This apparent contradiction between claims of no loss of land by Lt Governor of Ladakh and the insistence of the Indian side on status quo ante for normalization of relations with China is unexplainable.

At the same time framing the strain in relations on loss of lack of strategic trust between the leadership on both sides after China using tactical surprise occupied its perception of the LAC in April – May 2020 and refused to pull back preventing India from patrolling up to its side of the agreed upon line may be more logical.

In addition, China’s overall strategic behaviour has been disconcerting to say the least with attempts to revise the status quo, unilateral escalation and seizure of areas which were accepted as under dispute through tactical surprise. In the case of the LAC, several agreements arrived at by the two sides over the past two decades have also been violated by Beijing.

India is well within its rights to demand adherence to rule based norms by China in bilateral relations for normalcy and not only harp on the LAC issue, despite the internal political connotations.  However, “boots on our ground,” is more emotive and thus is being used politically by both sides – India and China. There is another facet of this narrative as who moved first in J & K with the Chinese reference to India’s special status and bifurcation of then State with removal of Article 370.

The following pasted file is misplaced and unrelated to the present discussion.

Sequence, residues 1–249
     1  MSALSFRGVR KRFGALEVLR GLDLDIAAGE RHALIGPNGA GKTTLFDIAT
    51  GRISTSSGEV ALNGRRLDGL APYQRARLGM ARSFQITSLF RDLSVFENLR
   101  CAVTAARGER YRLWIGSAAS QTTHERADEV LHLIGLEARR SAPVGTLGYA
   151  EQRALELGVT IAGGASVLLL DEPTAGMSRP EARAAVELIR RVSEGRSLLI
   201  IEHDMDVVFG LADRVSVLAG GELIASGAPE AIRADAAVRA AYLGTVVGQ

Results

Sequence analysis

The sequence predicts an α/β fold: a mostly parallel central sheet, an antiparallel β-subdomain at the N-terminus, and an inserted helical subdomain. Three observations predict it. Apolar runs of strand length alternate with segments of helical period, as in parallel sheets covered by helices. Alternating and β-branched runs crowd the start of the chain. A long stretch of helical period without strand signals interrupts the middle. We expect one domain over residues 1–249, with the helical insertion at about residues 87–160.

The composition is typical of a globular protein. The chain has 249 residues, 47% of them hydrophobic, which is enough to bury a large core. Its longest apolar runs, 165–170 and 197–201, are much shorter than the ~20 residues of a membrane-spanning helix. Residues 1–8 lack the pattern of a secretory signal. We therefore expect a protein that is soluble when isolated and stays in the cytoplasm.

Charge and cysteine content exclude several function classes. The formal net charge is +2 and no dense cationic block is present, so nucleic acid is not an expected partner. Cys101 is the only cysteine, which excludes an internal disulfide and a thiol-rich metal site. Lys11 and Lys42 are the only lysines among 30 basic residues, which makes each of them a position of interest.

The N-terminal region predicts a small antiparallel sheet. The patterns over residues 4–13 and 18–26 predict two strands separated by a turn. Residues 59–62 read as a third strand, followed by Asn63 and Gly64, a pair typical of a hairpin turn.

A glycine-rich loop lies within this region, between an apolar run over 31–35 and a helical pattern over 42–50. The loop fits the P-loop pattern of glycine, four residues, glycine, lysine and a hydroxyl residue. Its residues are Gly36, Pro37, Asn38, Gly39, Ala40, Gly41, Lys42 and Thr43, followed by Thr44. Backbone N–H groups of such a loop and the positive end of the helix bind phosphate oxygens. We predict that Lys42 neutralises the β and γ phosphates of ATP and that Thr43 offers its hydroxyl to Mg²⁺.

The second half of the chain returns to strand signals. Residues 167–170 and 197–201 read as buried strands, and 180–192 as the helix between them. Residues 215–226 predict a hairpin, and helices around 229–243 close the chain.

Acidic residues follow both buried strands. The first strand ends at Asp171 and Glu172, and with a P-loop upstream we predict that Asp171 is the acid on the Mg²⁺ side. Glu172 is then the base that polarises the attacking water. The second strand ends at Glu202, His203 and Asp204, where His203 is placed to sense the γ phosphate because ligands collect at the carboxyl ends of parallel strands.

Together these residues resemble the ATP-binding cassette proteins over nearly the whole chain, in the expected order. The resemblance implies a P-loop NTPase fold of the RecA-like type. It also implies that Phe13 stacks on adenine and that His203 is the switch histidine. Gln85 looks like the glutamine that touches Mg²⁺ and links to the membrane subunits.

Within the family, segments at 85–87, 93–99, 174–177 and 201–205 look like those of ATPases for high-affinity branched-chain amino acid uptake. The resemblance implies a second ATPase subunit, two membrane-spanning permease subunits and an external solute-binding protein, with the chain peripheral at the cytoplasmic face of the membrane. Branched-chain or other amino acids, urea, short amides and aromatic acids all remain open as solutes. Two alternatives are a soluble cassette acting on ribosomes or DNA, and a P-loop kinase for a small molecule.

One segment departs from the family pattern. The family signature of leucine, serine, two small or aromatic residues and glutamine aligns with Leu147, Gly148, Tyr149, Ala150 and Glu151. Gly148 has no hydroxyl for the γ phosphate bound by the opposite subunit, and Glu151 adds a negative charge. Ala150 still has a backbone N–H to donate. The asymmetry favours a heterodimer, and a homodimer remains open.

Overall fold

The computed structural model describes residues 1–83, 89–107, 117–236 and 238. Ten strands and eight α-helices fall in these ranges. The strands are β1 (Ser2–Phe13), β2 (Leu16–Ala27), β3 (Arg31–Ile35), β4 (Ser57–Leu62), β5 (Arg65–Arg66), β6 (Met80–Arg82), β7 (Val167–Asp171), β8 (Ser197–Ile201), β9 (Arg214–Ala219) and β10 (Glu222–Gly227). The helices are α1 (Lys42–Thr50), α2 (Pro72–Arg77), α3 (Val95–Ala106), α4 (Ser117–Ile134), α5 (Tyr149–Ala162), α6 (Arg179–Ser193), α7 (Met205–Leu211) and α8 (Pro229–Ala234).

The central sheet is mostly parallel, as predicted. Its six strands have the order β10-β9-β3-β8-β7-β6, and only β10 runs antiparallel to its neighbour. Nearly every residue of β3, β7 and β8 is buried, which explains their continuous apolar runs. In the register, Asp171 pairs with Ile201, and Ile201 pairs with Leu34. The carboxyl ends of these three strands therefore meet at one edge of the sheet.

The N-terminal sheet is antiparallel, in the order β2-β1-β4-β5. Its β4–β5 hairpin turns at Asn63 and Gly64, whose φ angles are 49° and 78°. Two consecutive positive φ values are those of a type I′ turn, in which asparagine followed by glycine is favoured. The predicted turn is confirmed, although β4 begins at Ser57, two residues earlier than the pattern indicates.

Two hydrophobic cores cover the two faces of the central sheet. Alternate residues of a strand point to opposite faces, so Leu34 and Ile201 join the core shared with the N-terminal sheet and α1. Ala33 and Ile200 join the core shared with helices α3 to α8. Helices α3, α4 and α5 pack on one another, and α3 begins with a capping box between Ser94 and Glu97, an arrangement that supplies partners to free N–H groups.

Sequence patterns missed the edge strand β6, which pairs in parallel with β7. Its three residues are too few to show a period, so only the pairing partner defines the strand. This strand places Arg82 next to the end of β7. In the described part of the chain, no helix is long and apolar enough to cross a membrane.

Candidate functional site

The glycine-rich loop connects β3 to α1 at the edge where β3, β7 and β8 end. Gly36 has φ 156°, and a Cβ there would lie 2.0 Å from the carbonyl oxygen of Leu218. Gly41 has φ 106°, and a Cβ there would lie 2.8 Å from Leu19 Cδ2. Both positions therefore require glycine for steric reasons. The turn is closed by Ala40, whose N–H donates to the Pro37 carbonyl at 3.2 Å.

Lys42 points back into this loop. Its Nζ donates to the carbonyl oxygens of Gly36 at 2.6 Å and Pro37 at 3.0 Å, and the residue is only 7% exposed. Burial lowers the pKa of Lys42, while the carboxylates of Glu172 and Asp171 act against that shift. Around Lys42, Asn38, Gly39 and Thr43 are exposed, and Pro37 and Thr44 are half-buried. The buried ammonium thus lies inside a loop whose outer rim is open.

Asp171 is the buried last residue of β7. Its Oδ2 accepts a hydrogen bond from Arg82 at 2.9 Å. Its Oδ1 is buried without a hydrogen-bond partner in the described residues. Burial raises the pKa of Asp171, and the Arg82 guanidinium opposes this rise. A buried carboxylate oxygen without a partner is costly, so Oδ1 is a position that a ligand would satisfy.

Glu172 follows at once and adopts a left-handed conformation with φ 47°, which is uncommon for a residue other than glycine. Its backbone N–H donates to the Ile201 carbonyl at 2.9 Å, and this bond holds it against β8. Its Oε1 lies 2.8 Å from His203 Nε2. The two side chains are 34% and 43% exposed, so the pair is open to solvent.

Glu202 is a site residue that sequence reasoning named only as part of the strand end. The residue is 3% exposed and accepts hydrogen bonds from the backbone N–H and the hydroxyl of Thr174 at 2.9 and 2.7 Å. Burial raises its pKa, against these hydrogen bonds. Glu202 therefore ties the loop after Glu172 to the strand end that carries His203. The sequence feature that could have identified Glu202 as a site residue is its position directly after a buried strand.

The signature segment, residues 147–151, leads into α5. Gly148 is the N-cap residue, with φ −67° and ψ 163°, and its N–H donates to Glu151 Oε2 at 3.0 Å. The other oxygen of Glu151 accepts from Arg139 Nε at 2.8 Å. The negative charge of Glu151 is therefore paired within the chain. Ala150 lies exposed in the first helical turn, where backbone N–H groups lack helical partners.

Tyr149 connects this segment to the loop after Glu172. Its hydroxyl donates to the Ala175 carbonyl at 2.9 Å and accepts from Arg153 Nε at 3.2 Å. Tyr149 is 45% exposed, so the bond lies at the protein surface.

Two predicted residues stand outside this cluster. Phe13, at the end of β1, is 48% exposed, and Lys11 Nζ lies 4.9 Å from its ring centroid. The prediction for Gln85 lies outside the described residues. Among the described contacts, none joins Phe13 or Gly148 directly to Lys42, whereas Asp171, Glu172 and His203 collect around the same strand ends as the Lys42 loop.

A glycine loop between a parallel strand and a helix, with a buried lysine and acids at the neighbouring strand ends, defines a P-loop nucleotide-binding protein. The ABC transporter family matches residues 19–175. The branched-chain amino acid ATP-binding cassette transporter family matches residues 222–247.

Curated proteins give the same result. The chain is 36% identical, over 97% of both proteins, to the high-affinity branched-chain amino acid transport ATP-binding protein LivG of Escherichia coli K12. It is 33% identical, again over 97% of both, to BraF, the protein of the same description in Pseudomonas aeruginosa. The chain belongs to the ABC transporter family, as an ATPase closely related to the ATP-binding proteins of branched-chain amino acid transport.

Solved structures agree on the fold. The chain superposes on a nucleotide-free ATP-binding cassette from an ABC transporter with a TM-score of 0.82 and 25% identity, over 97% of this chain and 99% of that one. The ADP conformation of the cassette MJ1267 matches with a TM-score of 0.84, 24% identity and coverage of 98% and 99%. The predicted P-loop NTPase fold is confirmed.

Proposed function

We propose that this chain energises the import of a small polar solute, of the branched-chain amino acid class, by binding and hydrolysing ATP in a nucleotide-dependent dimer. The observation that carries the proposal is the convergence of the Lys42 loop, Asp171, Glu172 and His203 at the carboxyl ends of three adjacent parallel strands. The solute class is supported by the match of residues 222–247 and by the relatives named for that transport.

For the PLA, which has adopted an aggressive posture on perceived fronts where national sovereignty is at stake from its own perception, Taiwan, South China Sea and the India China border – the year 2027 is important as it marks the 100th Anniversary of its raising. The PLA has an ambition of being regionally dominant by 2027 and globally by 2035.

Would this imply that the standoff on the LAC will continue till 2027 at least for the PLA to demonstrate to the Chinese people of success achieved vis a vis India, we will wait and see?

Rahul K Bhonsle

Brigadier (Retired) Rahul K Bhonsle, MSc, MPhil, MBA is an Indian army military veteran with 30 years active field experience in counter militancy and terrorism operations. He is presently Director of Sasia Security-Risks.com, a South Asian security risk and knowledge management consultancy which specializes in future scenarios, military capacity building and conflict trends in South Asia.

Leave a Reply

Your email address will not be published.

Latest from Blog